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BC Historic Train Collection Faces Eviction, Seizure

Crown corporation-linked company wants railway society out of space in warehouse leased to Amazon.

By Andrew MacLeod 28 Sep 2017 | TheTyee.ca

Andrew MacLeod is The Tyee’s Legislative bureau chief in Victoria and the author of A Better Place on Earth: The Search for Fairness in Super Unequal British Columbia (Harbour Publishing, 2015). Find him on Twitter or reach him here.

A non-profit group will be in court next week fighting an attempt to have their historic railway cars removed from a New Westminster property leased to the internet giant Amazon.

“It’s a bit of a David and Goliath story,” said Stu McDonald, who describes himself as a friend of several members of the National Railway Historical Society. “I would not like to see the cars dispersed and not used anymore.”

According to a notice of civil claim filed in August 2016 by the numbered company 2725321 Canada Inc., the society has some 25 passenger and freight cars, including an engine, stored at a giant warehouse at 109 Braid Street. There are also tables, chairs, signs, tools, equipment and other material on the property.

The property was formerly a Woodward’s warehouse and has been owned by the numbered company since the mid-1990s. It is managed by QuadReal Property Group, a company the B.C. Investment Management Corporation launched in 2016 to manage its real estate investments.

The bcIMC is a Crown corporation that manages the pension funds of public servants, including teachers, police officers, firefighters and municipal and provincial government employees.

McDonald said in an email that as a retired teacher he is “outraged that my pension funds... are being so inappropriately misused.”

“If something isn’t done very quickly, B.C. will lose some of its priceless railway history!”

In a summary of the case, railway society president Barrie Sanders said the time to vacate the property was “extremely short” considering the rail cars had been there for about three decades and the difficulty finding a new home.

“There was and remains a total absence of comparable facilities in the Metro Vancouver area, even for rent,” he wrote.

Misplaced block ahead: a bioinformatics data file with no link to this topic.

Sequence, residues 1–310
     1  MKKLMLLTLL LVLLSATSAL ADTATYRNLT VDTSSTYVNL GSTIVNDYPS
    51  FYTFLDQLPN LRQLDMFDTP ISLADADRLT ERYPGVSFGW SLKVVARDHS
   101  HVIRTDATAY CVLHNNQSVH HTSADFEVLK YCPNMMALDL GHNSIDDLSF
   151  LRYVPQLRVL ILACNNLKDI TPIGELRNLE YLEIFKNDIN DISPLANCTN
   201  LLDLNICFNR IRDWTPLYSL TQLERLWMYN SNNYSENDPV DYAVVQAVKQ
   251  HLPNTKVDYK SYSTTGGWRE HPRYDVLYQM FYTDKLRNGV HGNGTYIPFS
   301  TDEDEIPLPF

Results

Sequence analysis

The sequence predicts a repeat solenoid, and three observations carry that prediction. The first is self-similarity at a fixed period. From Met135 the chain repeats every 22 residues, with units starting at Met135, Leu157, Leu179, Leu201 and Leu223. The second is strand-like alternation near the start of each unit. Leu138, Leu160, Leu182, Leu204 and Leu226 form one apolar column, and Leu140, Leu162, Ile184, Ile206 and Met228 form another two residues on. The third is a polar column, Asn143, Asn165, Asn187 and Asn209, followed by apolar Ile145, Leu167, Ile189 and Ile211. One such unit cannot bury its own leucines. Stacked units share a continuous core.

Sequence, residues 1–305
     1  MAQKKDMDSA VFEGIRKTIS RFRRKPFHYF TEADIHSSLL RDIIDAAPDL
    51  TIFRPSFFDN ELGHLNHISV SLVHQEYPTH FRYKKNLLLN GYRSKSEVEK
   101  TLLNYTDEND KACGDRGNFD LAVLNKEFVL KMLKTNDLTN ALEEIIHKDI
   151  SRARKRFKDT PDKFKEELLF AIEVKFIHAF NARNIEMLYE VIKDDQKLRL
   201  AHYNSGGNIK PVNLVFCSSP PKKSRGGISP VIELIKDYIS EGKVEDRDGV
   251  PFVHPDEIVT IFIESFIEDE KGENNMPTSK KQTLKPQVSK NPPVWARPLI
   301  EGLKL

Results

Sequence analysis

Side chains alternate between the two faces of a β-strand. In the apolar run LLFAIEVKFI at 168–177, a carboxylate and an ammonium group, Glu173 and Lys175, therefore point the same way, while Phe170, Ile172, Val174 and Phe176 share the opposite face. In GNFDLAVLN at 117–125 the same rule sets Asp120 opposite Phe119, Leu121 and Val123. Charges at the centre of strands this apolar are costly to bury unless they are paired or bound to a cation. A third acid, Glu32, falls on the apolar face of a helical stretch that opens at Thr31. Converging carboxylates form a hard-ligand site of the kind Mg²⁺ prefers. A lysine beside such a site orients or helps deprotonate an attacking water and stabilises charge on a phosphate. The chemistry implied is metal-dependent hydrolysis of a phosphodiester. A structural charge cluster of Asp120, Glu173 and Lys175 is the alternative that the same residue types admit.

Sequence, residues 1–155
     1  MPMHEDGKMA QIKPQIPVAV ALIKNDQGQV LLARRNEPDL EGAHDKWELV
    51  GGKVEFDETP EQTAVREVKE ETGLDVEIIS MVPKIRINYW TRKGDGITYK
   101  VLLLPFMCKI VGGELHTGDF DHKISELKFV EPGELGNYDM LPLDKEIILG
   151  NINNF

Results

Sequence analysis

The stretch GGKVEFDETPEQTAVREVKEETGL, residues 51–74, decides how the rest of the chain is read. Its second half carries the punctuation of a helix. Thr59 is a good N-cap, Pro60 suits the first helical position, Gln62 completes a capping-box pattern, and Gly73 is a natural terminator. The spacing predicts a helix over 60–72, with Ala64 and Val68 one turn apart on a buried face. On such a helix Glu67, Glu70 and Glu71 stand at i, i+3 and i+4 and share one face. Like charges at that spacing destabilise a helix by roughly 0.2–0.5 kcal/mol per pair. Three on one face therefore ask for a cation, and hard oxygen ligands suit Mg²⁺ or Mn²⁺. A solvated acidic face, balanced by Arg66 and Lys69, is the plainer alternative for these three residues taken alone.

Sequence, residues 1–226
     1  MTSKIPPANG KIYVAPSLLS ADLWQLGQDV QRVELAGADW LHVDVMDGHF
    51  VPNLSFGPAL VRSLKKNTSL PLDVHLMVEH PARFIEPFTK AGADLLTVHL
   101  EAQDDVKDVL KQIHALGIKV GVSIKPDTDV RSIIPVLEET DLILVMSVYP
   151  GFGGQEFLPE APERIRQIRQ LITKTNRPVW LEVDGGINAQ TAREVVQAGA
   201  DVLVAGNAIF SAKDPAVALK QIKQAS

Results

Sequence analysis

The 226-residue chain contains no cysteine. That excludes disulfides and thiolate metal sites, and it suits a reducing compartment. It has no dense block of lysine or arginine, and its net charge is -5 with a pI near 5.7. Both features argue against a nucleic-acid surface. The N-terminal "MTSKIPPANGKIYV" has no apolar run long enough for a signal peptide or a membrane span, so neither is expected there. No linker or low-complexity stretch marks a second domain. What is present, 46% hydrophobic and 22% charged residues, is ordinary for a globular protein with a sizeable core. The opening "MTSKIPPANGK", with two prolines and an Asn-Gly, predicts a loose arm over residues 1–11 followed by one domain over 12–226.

Richard DeFilippi, the lawyer acting for the property owner, said there was little he could say while the case is before the court. “The property managers have been taking steps or trying to take steps with regards to the rail cars since as early as 2000,” he said.

Court filings say the landowner is seeking to have the society remove the rail cars. If they are not removed, it wants the court to allow it to sell them to cover the relocation costs.

“They are unique in the sense they’re massive, they weigh a lot,” said DeFilippi, adding that he understands they can be removed using a crane to load them onto flatbed trucks.

He said Amazon is a tenant on the property and there may be potential for redevelopment.

“I don’t know what the plans are vis-a-vis Amazon,” he added. “It’s not part of the legal proceedings.”

A call to QuadReal was not returned Wednesday afternoon.

A court date is set for Oct. 3 in Vancouver.

McDonald, who was a major-general in the Canadian Armed Forces and is the president of two military museum societies, said there were plans to use the rail cars for a cross-country “Veterans Homecoming Train” exhibit that would have traveled from Halifax to Vancouver next year.

He said the exhibit, now jeopardized by the threatened eviction, would have been “Moving in the sense it’s mobile, but also quite moving emotionally.”

“Canadians should be outraged that an important heritage collection of railway equipment faces auction and dispersion instead of the continuation of commemorative train displays, community access and utilization by the BC film industry,” he wrote.

The society has little money and is looking for a pro bono lawyer, he said.  [Tyee]

Read more: Transportation

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